Another guard emitted a howl of alarm. His aircraft-type machine gun cut loose. The recoil of the powerful weapon shook the strange harness about his middle, threatening to tear him to pieces. Empty cartridges chased each other over the floor like brassy mice.
In his haste, the man forgot to exert the proper science in holding his weapon down. It got away from him. The stream of slugs cut through the plank walls like a slasher saw.
The fellow saw the bronze giant whip toward him. He sought to retreat. A terrific blow felled him.
A knife glinted in the pale light over the roped forms of the five prisoners. It slashed with the nice precision of a machine. Ropes fell away.
"Yeo-o-ow!" bellowed Monk. He reared to his feet, roaring, snorting.
Outside the shack, a swamp man was creeping along the wall. His wizened figure could be seen through the inch-wide cracks between the up-and-down wall planks.
Monk took two quick steps. His two hundred and sixty pounds of gristle, bone, and stiff red hair sailed upward. Feet first, Monk hit the wall. Planks split, crashed, caved. He went through the wall like a ball from a muzzle-loading cannon.
The swamp man met destruction in the wreckage.
The swamp men possessed an animal-like bravery. Where-as beings with more brains would have fled, they stood and fought—and quickly found their Waterloo.
Renny's big fist took one amidship. All the starch left the fellow. He draped loose as a dirty shirt over the gallon of knuckles which had hit him.
The bronze flash that was Doc Savage in action accounted for the others.
Ham found his sword cane. One of the unlucky guards had been carrying it. Ham unsheathed the razor-sharp, flexible blade. It sang like a big tuning fork in his hand.
"Yeo-o-ow!" bawled Monk. "I ain't even warmed up!"
"You will be!" clipped Ham. "You'll probably be on fire, before this is over! There's only a few hundred of the voodoo devils left!"
BEDLAM had broken out on the hill above the settlement. The greenish snake of fire burning within the hollow cast a lurid glow on the jungle immediately adjacent. The hilltop might have been the gullet of some bloated dragon.
Against the emerald luminance, ugly figures were silhouetted. Barbaric, savage forms, these were—except for the fearsome killing machines many wore harnessed to their bodies.
They had heard the prisoners escaping. They poured down the hill.
"Come!" Doc's single word was low, calm. But it had the effect of an explosive.
He glided away into the night.
His five men followed. They knew Doc had some plan. They couldn't imagine what it was. They were hopelessly outnumbered. Should they take to the swamp, Doc alone stood a chance of escaping. The swamp men, knowing the intricacies of the vast and entangled morass, would overhaul any one of lesser physical ability. Doc would never desert his men. Hence they knew he must have some other scheme for coping with their immediate peril.
Machine guns searched the festering growth with whistling, popping streams of lead. The slugs sickled off branches and leaves. Violent rolls of rapid echoes gamboled over the low hill.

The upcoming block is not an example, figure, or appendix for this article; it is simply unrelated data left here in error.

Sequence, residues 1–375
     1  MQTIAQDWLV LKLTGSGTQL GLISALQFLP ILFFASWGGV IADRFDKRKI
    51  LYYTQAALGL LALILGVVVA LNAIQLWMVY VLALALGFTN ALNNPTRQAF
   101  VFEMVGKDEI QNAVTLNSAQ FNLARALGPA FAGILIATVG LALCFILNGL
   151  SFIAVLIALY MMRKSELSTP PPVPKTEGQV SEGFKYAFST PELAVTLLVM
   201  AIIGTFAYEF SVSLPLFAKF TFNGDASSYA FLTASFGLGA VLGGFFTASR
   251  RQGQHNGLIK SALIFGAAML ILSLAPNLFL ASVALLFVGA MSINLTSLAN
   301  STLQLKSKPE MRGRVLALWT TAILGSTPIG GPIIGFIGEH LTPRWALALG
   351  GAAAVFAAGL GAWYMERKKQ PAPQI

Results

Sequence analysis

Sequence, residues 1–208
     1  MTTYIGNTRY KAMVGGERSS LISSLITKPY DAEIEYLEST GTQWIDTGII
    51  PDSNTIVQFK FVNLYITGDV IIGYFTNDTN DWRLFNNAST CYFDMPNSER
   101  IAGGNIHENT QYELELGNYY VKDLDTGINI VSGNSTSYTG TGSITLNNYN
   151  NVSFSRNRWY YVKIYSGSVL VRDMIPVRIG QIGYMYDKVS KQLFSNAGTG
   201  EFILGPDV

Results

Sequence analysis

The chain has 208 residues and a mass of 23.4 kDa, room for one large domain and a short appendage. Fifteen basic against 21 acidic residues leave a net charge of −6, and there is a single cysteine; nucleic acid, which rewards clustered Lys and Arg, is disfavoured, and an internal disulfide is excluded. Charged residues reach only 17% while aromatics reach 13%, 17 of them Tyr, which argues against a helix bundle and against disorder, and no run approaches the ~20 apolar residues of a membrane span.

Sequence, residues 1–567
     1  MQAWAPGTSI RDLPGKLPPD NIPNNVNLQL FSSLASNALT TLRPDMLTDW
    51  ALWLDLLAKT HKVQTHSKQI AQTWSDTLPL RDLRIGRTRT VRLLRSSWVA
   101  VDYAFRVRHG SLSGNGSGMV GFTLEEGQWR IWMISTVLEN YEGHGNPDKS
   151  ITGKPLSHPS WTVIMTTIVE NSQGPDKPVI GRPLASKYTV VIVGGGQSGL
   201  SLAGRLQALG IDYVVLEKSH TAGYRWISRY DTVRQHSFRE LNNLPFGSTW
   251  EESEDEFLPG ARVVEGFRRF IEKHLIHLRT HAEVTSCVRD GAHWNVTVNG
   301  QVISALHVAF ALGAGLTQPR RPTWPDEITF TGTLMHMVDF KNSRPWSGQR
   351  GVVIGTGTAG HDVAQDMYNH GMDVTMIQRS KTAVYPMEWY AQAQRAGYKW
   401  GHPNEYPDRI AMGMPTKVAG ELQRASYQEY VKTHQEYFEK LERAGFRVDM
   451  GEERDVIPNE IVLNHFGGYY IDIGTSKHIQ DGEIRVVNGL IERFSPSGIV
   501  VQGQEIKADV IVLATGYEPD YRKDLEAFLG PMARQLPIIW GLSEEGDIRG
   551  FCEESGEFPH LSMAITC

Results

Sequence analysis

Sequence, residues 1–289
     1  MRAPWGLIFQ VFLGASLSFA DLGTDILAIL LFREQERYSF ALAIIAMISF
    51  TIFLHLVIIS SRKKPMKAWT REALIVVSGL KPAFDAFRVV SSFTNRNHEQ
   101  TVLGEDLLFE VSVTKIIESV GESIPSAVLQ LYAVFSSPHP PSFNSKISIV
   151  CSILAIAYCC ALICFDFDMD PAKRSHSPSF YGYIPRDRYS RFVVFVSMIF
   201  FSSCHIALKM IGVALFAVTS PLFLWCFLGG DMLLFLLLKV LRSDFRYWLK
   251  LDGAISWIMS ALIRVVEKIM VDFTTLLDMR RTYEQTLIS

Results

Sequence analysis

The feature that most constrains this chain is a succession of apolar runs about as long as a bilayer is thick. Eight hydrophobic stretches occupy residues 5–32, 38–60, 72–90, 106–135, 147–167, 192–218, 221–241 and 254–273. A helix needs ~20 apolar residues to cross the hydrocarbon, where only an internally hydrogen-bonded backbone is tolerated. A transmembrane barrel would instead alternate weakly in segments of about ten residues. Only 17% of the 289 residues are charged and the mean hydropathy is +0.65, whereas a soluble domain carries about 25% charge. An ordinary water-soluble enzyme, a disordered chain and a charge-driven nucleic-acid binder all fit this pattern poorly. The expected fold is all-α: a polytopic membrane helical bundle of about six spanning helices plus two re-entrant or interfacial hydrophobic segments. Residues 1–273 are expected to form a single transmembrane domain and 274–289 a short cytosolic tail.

Amid all that discord, Doc and his men could talk without attracting attention.
"How did you do it, Doc?" Ham questioned. "I mean—when the car went into the bayou? I'd have sworn we saw a 'gator making a meal out of you."
"What you saw was merely a trick to make the swamp men think I was done for," Doc replied. "I thrust an arm into the jaws of that stuffed alligator, then pushed the head out of the water and shook it. Naturally, it looked as if one of the huge reptiles had me."
"What I want to know is, where the stuffed 'gator came from?" Long Tom put in.
"What is the best masquerade a man could don to move about in this swamp?" Doc countered.
"That's easy!" Long Tom chuckled. "Pass himself off as an alligator!"
"Exactly," said Doc. "That stuffed 'gator was in the rumble seat of the roadster. It was one of the things I brought along into the swamp, on the chance we might need it. I simply dived and got it, after the car went into the water. The thing could be folded up in a fairly small space, for all its large size. And it looked natural enough to fool the swamp men, especially when seen only by moonlight. In the daytime, they might not have been deceived so easily."
"Maybe," replied Long Tom. "But the way it was, it sure ran a whizzer on everybody concerned."
A note of regret now came into Doc's powerful, expressive voice.
"I am sorry I had to deceive you along with the swamp men," he said, "but it could not be helped. And there was also nothing else to do but let you fall into the hands of the Gray Spider's men. To have attempted to spirit you away under water would only have meant you would be drowned."
Doc and his five men were working around the hill as they conversed.
"Where we goin'?" Monk inquired.
"Wet your finger and hold it up," Doc suggested.
Monk complied. "Huh—you mean that now we're gettin' the wind at our backs?"
"That's the idea. As you may have noticed, I did some scouting around in the course of the night. In fact, I'll venture to assure you, brothers, that there is scarcely a square yard of this hill over which Doc 'Alligator' Savage did not crawl. Among other things, I made a find which, unless I'm far mistaken, will be our salvation."